A few years ago I did an episode on Tudor portraits as propaganda, and it’s still one of my most popular shows. I’m not the first person to notice that the Tudors were masters of messaging and propaganda – it’s obvious when you look at the portraits of both Henry and Elizabeth, that they had a very clear story they wanted to tell. A way to define their dynasty. And they knew how to manipulate information so that their story got out there.
With painting we can see this in a visual way, but what about with music? There was no radio or Spotify, obviously (though there is now, so I put together a playlist of the music I’m sharing today). But one thing over which they had complete control: the liturgy, and the music sung in churches every Sunday. People were required to go to church. You were fined if you didn’t go. So every Sunday they had a captive – if somewhat ambivalent – audience.
How did they use this power? Here are three examples of Tudor Music as Propaganda
Katherine Parr, Thomas Tallis, and War with France
In 1544 England was preparing for war on two fronts. Henry was away that summer in France, and the Rough Wooing (where Henry was trying to force a marriage between his son Edward, and Mary Queen of Scots) had started the previous December. He had been married to Katherine Parr for just about a year, and she was acting as his regent while he was away in France.
Henry wanted a way to rally the country to his cause. People were getting tired of wars. Henry needed some good PR. So let’s set the stage with the players: Thomas Tallis had become the chief composer of the Chapel Royal in 1543. Archbishop Cranmer was translating the Litany into English. And at the same time, Katherine Parr was working on her Psalms or Prayers, a book of 15 meditations on the psalter, inspired by Bishop Fisher.
In 1978, during renovations at Corpus Christi College, Oxford, three musical fragments were found behind plasterwork. They were from the mid 16th century, and were identified an early version of Thomas Tallis’ famous piece, the six part Gaude Gloriosa dei Mater. But the text was different. It wasn’t Latin, it was English. And rather than being devotional, it was harsh: ‘cast them down hedlonge … for they are treatours & raybels agaynst me … let the wicked sinners returne in to hell’.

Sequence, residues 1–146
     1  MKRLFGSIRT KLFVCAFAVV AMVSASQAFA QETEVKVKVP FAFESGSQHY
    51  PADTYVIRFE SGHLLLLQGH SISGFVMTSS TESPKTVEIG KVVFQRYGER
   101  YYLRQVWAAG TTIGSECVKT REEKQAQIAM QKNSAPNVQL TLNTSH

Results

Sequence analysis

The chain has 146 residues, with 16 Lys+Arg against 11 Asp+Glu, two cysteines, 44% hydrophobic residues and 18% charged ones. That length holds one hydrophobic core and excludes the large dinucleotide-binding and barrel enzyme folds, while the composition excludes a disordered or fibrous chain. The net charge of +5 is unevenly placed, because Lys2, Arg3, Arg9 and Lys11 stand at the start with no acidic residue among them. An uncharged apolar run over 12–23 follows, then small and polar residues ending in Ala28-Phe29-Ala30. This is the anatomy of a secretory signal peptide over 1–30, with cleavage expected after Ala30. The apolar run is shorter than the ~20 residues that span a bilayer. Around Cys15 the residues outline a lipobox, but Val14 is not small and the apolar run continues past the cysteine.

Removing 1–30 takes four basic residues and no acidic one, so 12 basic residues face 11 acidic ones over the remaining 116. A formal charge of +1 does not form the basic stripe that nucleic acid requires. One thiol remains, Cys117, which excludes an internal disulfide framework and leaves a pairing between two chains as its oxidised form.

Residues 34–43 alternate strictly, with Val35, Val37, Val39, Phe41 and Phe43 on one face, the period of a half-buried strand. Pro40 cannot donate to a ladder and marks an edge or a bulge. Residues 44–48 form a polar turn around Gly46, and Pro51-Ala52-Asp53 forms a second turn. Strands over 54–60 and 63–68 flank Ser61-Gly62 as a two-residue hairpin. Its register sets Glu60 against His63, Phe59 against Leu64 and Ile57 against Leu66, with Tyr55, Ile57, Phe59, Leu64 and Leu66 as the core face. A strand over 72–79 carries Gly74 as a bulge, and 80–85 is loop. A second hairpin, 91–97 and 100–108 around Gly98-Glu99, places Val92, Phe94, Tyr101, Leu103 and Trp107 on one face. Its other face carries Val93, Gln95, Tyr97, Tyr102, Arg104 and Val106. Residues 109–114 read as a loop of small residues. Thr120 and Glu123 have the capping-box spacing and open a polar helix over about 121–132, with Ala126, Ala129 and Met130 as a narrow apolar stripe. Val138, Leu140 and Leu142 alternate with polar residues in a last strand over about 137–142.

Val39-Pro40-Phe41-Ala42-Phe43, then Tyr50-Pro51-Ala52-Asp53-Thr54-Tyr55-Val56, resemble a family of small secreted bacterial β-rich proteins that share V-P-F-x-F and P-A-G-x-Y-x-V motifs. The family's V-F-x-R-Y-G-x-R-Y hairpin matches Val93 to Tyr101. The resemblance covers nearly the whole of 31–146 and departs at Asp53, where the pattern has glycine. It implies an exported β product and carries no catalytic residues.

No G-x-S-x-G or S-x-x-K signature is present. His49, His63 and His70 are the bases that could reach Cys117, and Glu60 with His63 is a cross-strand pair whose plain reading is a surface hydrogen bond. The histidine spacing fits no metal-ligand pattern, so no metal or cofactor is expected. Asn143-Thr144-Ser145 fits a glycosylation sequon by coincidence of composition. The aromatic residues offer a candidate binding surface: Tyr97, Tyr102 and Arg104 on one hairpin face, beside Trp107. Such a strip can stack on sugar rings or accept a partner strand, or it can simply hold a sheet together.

These were Katherine Parr’s words, from her Psalms or Prayers. They come from the ninth psalm, Against Enemies. Musicologists reconstructed the music, and had enough to work with that they could confidently say that it was Tallis’ music with Katherine Parr’s words.
Henry and the Salve radix
In 1516 Henry was still in the prime of life. He was handsome, athletic, and the head of a court that, while still quite new, wanted to be as glittering as any of the cosmopolitan ones in Europe. Henry prepared a manuscript that was filled with the most popular European music of the time, written in the Franco-Flemish style. This was the most cultured style, and was very different than the traditional music of the time.
This manuscript was as much about showing off the Tudor court as just as well-bred as any in Europe, as it was about the actual music. Henry prepared this manuscript as a New Year’s gift for his bride, with whom he was still very much in love, Katherine of Aragon. Was it also a coincidence that this is when relations with Spain were starting to go a bit sour after Henry was abandoned during their planned invasion against France? And Wolsey was working on a treaty of perpetual peace – a United Nations concept whereby England would be the arbiter of any disputes that arose in Europe? Perhaps Henry was keen to show off to all of the ambassadors that he was actually just as cultured as their courts were.
The Parker Psalter
In 1567, Matthew Parker, the Archbishop of Canterbury under Queen Elizabeth (the same Matthew Parker that Anne Boleyn implored to watch over Elizabeth when she was a toddler and Anne suspected that she was not long for this world), translated the Psalter into English verse (the original is available to look at through the internet archive). He published it with the inclusion of nine “Tunes,” composed by Tallis, with the idea that with this collaboration the Psalms could be sung rather than merely spoken.
These were designed to bring people closer to the Protestant worship through singing the word of the Lord in English – a cornerstone of the English Protestant belief system was that individuals could (and did) have a close relationship with God directly, through reading the Bible. Here was one more way for Elizabeth to help train up a new generation of Protestants who would be close to God through song.
So there you go – three examples of Tudor propaganda through music. Remember you can follow the playlist on Spotify to listen any time you like!